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The Data Breach Legal Limbo on Consumers’ Ability to Sue Hacked Companies
The first of the year is a good time to make assessments, resolutions and predictions. We have some recommendations for companies that store and process consumer data: It is a good time to assess the strength of your data security measures and resolve to meet industry standards where you fall behind, because we predict continued pressure on companies to reduce the risk of data breaches or face legal liability.
Data breaches are a common occurrence. The Identity Theft Resource Center reported that there were some 1,202 breaches in the 11 months to November 2017, up ten percent from 2016. But breach frequency does not make company complacency okay. Companies need to be vigilant to protect against data breaches as the stakes for failing to safeguard personal data could get higher. While companies float in a legal limbo of whether their customers can successfully sue them when personal data is compromised (more below), growing pressure from activists and politicians, as well as pressure from foreign jurisdictions, provides good incentive for companies to ensure they are doing what is necessary to protect consumers’ personal data in their possession.
The extent to which companies may be found liable to consumers for data breaches is as clear as mud. Companies have found themselves in legal limbo over the past few years from a question still unresolved by the courts: what level of harm must a consumer suffer to successfully sue a company that has been hacked? Is it enough that there was just a hack? Do the hackers need to be nefarious? Does the data need to be sold or otherwise misused?
These questions were tackled, but left open largely, by the Supreme Court in its 2016 decision in Spokeo v. Robins. They are important to address as they get at a key constitutional provision known as “standing”, which establishes a party’s ability to bring suit against another party. (“Standing” means that a plaintiff must establish he or she has experienced a harm that is concrete, particularized and actual or imminent, in order to file suit against a defendant. It is a requirement under Article III of the U.S. Constitution.)
In Spokeo, the high court ruled that a plaintiff must allege a concrete injury and cannot rely on statutory violations. Otherwise, a court will throw the case out for lack of standing. So what is a concrete injury in a consumer data breach case? If a consumer has not been hurt yet by identity theft, how close to the risk of harm must he or she come to establish standing?
Federal circuit courts around the country have treated the issue differently (hence all the confusion). Several federal circuits, including those covering Washington D.C, Illinois, Michigan, and Ohio, have held that any risk of future harm is enough. Courts covering New York, Pennsylvania, Virginia, and Missouri have ruled that there must be something more than just an assumed threat of future harm. The Ninth Circuit, which includes California, is due to rule on the issue this year.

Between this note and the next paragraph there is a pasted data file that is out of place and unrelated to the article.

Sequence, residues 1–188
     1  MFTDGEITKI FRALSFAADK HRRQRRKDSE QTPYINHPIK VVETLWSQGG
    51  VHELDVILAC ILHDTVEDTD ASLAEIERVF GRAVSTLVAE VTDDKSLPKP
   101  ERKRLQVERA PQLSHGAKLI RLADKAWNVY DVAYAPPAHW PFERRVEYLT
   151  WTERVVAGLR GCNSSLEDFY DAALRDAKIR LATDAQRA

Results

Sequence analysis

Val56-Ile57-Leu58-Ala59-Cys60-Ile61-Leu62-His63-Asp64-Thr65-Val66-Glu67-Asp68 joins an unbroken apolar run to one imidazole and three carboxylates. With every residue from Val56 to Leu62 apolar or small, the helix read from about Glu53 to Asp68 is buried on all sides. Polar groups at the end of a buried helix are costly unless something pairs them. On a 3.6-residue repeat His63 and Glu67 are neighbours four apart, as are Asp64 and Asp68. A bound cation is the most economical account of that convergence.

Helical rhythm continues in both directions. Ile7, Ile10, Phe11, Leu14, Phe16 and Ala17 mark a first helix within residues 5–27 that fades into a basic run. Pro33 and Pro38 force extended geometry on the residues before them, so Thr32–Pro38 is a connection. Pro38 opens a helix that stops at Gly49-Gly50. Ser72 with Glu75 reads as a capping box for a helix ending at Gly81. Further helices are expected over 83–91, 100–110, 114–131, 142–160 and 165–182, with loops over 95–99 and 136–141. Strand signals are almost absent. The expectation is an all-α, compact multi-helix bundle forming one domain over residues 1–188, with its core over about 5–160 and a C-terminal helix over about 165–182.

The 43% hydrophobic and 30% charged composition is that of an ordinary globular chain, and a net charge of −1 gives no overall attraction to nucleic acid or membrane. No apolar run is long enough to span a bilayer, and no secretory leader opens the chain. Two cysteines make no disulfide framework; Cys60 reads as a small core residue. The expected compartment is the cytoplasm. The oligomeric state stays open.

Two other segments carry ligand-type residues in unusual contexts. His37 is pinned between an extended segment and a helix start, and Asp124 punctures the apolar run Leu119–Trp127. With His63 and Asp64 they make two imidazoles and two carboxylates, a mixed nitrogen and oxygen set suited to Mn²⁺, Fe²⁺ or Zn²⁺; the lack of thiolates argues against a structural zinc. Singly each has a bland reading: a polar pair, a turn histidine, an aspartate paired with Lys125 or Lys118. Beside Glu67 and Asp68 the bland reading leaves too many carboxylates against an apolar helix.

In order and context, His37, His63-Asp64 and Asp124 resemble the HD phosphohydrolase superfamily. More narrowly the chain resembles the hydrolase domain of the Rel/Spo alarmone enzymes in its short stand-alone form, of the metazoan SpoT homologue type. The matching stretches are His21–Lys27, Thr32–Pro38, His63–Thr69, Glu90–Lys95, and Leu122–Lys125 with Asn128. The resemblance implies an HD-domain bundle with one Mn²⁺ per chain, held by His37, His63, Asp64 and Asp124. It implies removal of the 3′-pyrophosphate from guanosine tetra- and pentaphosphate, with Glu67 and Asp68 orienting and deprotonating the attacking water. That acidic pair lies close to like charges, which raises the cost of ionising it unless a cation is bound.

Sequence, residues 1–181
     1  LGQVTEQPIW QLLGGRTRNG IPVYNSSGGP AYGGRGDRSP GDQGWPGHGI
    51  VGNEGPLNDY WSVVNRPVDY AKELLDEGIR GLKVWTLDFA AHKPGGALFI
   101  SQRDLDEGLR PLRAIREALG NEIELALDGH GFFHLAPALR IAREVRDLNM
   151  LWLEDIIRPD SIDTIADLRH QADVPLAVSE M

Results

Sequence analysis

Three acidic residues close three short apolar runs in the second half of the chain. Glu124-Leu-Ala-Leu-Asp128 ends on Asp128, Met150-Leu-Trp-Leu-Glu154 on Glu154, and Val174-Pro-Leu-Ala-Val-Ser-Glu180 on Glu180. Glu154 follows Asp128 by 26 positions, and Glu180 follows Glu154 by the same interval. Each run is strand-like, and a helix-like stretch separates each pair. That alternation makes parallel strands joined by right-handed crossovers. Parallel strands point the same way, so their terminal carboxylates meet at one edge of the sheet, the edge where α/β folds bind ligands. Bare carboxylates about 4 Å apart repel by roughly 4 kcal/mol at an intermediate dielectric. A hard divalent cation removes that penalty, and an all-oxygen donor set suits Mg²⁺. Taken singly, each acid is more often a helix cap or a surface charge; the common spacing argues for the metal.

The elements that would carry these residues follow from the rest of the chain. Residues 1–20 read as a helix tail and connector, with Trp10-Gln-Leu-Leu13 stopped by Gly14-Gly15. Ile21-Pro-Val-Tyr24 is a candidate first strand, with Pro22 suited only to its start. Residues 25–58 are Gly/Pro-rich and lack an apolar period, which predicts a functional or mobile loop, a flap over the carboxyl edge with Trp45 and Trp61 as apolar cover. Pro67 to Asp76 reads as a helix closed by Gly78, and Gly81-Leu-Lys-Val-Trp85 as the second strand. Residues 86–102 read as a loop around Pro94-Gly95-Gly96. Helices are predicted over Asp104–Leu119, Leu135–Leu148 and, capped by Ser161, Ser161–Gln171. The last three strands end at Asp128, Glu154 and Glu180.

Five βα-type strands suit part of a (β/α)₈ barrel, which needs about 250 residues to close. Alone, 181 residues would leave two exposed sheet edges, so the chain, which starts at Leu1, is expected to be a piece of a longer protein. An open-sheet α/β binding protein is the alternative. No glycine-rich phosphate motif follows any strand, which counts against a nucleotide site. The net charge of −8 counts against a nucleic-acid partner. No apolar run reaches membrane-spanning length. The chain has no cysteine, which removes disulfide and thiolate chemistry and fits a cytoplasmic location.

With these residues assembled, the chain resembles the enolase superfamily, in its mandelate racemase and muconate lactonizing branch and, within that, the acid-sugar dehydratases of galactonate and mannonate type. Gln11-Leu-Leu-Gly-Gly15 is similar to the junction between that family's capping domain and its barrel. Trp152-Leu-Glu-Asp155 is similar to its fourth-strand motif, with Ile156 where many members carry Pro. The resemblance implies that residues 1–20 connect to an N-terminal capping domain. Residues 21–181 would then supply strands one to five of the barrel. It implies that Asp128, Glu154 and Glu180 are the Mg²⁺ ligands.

There is hope that the Supreme Court may chime in again and bring clarity and consistency to the issue. Health insurer CareFirst has pitched the Supreme Court to address the disparate holdings. The insurer was the defendant in a D.C. Circuit case in which the court held plaintiff policyholders satisfied standing requirements by alleging a substantial risk that their personal information could be misused, even if no such misuse had yet occurred. In its appeal to the high court, CareFirst requested the court clarify that any alleged future injury—any “substantial risk”—must be imminent.
The health insurer’s argument seems perfectly on point: Article III requires an actual or imminent harm. If the plaintiffs’ compromised data has not yet been misused, and it is anyone’s guess whether it will be misused, where is the Article III standard met? The D.C. Circuit and other federal circuits that are allowing through data breach cases on the theory of assumed “ill” intentions of data hackers are oversimplifying the concept of injury. And if these more lax standards prevail, companies whose data is hacked (by the way, who are also victims of data breaches, and not the perpetrators!) are sure to face a significant uptick in class actions.
It remains to be seen which way the Supreme Court will fall …. or even if the Court will take up the CareFirst petition. And it remains to be seen how other federal circuits will treat the issue in the absence of a Supreme Court ruling. As mentioned, the Ninth Circuit, which is one of the more influential circuits, will be ruling soon on the matter in the case Theresa Stevens et al. v. Zappos.com Inc.
But this legal confusion is no reason for companies to rest on their limbo laurels or to adopt a wait-and-see approach. What is clear outside the court system is that pressure is growing on companies to commit to sound data security measures. Consumer activist groups like EPIC (the “Electronic Privacy Information Center”) are lobbying in all directions for enhancements to the protection of personal information. Prominent politicians like Senator Patrick Leahy are working on legislation to establish baseline data security standards and to increase company liability. Then there is the impending E.U. General Data Protection Regulation that institutes data security requirements for companies who control or process the data of E.U. residents – even if the companies are U.S.-based (and the penalties for non-compliance are staggering).
The trend is towards responsible data stewardship, regardless of what standards are established by the courts. Companies will do well to ensure they meet industry standards and consumer expectations. Just what are those industry standards? That’s the potentially billion-dollar question that requires consulting an expert, maybe even us.